To tweet or not to tweet. That's the question MSNBC's Andrea Mitchell should have asked herself before she tried to fact check Sen. Ted Cruz's (R-TX) literary knowledge. While on Fox News on Wednesday, Sen. Cruz compared the impeachment trial to the words of the great British bard and playwright William Shakespeare.
"It's reminiscent of Shakespeare [in] that it is full of sound and fury, and yet signifying nothing," Cruz said.
Shakespeare fans would know that Cruz was referencing a scene from the tragedy "MacBeth." But Mitchell thought she had a real time smackdown.
Other journalists were quick to correct Mitchell and didn't even try to hide their disappointment.
"Faulkner wrote the book 'The Sound and the Fury,'" responded New York Times columnist Nicolas Kristof. "But the phrase comes from Shakespeare's Macbeth: 'It is a tale, told by an idiot, full of sound and fury, signifying nothing.' The whole passage is beautiful."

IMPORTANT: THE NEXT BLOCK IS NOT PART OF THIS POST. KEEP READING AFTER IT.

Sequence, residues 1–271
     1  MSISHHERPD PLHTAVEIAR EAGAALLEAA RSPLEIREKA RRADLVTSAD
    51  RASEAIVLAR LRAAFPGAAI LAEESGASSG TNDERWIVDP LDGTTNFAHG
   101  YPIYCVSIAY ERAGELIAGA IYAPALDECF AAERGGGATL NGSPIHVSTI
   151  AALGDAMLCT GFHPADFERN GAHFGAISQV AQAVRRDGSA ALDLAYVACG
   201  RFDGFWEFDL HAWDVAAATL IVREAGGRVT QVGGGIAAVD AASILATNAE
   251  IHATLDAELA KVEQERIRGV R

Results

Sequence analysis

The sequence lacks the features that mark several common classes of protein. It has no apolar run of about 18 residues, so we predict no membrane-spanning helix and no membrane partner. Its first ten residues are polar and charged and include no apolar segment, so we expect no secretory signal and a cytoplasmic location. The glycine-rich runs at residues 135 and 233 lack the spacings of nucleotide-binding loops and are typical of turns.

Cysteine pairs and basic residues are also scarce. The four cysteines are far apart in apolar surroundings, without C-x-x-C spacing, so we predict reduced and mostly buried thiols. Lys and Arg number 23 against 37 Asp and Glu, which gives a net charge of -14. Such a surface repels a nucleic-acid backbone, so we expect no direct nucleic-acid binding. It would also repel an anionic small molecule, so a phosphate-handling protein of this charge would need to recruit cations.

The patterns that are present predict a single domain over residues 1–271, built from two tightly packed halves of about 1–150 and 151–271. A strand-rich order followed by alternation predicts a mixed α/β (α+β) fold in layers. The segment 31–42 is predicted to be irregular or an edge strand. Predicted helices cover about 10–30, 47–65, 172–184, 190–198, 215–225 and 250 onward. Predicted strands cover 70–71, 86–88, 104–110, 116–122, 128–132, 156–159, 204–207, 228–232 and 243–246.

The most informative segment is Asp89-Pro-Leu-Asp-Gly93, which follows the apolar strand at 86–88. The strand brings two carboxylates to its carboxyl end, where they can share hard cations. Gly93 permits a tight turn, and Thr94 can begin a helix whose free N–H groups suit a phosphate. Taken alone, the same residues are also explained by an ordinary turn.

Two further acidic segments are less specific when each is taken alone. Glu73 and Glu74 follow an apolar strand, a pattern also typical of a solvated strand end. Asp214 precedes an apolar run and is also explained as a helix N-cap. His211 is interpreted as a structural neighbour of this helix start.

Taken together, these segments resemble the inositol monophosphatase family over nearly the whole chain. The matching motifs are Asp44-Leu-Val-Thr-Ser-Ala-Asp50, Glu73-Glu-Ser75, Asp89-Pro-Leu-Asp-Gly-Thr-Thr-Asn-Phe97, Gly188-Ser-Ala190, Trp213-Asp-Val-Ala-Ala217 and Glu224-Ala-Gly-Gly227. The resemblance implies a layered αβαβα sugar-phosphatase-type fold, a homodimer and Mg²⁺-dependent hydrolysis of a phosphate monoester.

But our favorite reply came from the Washington Post's Annie Gowen.
Oh dear Andrea, this tweet is a Scottish tragedy ???? https://t.co/Cmn1eWigoW— Annie Gowen (@anniegowen) February 11, 2021
Mitchell eventually realized her error and apologized to the senator.
"I clearly studied too much American literature and not enough Macbeth," Mitchell bashfully replied. "My apologies to Sen. Cruz."
Rep. Elise Stefanik (R-NY) grabbed the popcorn and enjoyed the show.
????— Elise Stefanik (@EliseStefanik) February 11, 2021
You must have missed the American literature class on Faulkner about how the sound and fury title is an actual reference to SHAKESPEARE!
I ?? Shakespeare. I ?? Faulkner. And I absolutely ?? this @tedcruz literary take down ?? https://t.co/mnWC9hdwk4
Time to brush up your Shakespeare!